Do exfoliate – but don’t overdo it!

We all talk about exfoliation. But what exactly is it? Basically, it’s the process of removing dead skin cells from the surface of your skin.

Why all those dead skin cells?

Most of the top layer of the skin is actually made of dead skin cells. And they’re there to protect you.

Living skin cells develop in the lower layer of the skin (called the dermis) and work their way up to the top. On the way they become filled with a protein called keratin and die off. This makes them waterproof and highly protective, so they can keep the inside of your body safe from water, heat, bacteria and other external elements. Not bad when you consider the skin is only about 2 millimetres thick!

Desquamation – the exfoliation of life!

Your skin sheds dead skin cells constantly in a natural process called desquamation. In fact, you naturally lose around 40,000 dead skin cells every single day.

SO if your skin is already good at exfoliating itself naturally, do you need to exfoliate even more? The answer is: you don’t really need to, but sometimes it’s nice to!

Dead skin cells can get clogged up and refuse to budge (ironically that’s often because of too many skincare products!) The occasional light exfoliation is useful to encourage them to let go. And yes that does make your skin look temporarily fresher and brighter.

But please be gentle when you’re exfoliating the face. You don’t want to remove too many of those protective skin cells or damage your lovely skin.

Good ways to exfoliate

  • Muslin cloths or face cloths– these have a gentle but effective buffing action when you use them regularly with oil based cleanser and warm water. If you do this twice a day that’s practically all the exfoliation your skin needs.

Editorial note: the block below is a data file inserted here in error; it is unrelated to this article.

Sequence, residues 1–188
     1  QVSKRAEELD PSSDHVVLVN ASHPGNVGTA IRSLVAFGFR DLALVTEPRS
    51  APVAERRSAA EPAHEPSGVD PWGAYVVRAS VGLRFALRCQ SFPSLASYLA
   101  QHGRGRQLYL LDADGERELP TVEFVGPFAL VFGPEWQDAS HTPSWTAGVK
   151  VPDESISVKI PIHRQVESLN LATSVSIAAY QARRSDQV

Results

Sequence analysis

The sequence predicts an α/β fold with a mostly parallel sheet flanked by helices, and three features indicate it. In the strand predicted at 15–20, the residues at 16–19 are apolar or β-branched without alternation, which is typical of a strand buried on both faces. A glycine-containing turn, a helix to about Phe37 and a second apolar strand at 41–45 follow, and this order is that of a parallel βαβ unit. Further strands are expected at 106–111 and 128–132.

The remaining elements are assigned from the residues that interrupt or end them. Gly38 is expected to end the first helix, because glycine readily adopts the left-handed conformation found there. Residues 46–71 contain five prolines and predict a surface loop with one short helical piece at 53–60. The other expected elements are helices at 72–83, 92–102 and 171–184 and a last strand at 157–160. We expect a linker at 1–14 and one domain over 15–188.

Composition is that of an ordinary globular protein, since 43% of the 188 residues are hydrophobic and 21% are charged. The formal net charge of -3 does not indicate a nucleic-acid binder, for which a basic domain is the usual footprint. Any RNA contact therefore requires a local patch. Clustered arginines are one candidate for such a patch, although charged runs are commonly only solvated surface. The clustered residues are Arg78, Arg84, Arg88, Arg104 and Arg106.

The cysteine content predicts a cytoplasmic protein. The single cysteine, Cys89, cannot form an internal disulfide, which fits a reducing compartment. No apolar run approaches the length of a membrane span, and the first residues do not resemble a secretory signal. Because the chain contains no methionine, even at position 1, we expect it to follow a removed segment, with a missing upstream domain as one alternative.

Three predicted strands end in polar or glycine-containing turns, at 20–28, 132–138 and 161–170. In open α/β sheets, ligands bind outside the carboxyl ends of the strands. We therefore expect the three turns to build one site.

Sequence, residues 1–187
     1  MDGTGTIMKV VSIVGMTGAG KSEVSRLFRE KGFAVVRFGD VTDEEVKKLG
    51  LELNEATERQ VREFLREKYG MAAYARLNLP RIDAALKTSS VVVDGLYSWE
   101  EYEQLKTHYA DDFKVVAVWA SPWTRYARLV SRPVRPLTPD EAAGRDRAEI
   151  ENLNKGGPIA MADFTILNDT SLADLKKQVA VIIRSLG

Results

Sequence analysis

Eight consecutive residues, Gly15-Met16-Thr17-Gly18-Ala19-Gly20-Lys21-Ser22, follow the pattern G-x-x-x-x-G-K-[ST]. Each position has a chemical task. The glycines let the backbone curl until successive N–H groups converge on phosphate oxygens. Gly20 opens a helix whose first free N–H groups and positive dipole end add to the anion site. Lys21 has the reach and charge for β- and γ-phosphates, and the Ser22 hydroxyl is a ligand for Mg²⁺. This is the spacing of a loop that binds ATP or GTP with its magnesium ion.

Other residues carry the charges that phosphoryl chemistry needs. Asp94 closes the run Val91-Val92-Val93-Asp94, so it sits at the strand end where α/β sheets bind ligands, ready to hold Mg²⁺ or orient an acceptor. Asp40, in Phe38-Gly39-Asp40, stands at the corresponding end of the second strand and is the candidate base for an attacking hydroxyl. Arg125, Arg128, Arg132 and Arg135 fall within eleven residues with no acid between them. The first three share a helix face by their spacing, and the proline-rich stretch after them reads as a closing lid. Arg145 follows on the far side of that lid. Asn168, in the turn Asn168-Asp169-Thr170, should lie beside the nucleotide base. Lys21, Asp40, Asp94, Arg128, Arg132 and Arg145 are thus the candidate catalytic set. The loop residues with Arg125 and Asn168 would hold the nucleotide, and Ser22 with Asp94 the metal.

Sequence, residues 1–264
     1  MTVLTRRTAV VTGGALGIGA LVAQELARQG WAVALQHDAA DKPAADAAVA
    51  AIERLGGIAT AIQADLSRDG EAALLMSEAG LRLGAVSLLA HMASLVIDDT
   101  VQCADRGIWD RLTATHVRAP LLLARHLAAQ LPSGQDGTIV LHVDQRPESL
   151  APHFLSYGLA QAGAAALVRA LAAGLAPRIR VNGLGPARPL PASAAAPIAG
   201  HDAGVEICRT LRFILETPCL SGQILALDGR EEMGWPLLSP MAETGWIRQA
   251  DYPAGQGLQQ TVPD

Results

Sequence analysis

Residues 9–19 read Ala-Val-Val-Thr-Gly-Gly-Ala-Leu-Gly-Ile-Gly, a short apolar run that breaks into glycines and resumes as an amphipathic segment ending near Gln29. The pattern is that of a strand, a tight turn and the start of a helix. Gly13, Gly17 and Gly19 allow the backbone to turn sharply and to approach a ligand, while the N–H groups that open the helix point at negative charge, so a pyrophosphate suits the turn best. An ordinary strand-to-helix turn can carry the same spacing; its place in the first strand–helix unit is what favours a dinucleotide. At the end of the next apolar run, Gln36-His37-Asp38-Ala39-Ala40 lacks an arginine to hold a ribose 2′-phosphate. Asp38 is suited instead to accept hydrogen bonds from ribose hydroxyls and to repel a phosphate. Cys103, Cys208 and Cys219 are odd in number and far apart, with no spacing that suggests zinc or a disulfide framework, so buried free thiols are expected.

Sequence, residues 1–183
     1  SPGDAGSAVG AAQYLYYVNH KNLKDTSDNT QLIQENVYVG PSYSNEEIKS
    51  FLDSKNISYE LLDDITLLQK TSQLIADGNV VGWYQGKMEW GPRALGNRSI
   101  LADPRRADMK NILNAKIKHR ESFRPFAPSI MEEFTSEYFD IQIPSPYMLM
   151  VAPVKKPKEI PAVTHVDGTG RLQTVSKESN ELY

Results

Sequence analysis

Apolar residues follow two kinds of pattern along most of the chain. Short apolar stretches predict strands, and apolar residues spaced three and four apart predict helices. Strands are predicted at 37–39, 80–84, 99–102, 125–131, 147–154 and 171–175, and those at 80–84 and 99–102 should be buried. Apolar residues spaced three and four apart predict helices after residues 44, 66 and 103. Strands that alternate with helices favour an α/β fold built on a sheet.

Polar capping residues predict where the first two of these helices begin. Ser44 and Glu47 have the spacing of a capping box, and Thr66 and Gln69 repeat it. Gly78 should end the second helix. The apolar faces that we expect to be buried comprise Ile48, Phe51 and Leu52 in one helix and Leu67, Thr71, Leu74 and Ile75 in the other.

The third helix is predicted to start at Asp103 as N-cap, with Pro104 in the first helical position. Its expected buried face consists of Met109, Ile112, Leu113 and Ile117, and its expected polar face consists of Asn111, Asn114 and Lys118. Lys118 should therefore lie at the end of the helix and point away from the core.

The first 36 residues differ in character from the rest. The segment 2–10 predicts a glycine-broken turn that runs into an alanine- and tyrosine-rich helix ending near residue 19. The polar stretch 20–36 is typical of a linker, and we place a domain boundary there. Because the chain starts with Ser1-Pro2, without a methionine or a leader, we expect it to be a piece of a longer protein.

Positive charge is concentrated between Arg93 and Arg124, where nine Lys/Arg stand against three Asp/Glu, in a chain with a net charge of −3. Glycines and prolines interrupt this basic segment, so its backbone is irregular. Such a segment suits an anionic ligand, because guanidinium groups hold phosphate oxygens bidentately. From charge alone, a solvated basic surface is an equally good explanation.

• Facial tools– such as as gua sha and kansa wand. Regular massage with your facial tools and plenty of oil is another good way to help shift dead skin cells – as well as boosting your circulation and lymphatic system.
  • Face masks with natural fruit acids– some fruits contain alpha hydroxy acids (AHAs), a water soluble acid that weakens the bonds between dead skin cells and makes them easier to remove. I love AHA masks – but only recommend using them once a week, or twice at most. Some good ones to try: Micheline Arcier Masque Purifiant (shown in the pic), Elemis Papaya Enzyme Peel, Balance Me AHA Glow Mask, The Organic Pharmacy Enzyme Peel Mask.
  • Manual exfoliation– lightly massaging and stroking clean, dry skin using just the hands is a great way to slough off dead cells and makes your skin look smoother and brighter. It’s an important part of my Natural Facelift Massage treatment, but you can do it yourself too.

Please don’t ever use these

  • Gritty facial scrubs– these were all the rage when I was a teenager, and we all used to scrub away vigorously, waiting for that radiant glow. It almost makes me weep when I think of it now! Horribly scratchy and potentially damaging.
  • Chemical facial peels– make the skin blister and peel off, revealing ‘new’ skin underneath. Why use harsh chemicals on your beautiful, delicate skin? Dated and dangerous!
  • Microdermabrasion– this professional treatment uses an abrasive tool to sand off the top layer of skin. Personally I think it’s too invasive. Even worst, it’s a common cause of broken capillaries.

PS Here we’re talking specifically about facial exfoliation. You can exfoliate more vigorously on your body – particularly the arms and legs. More about that another time!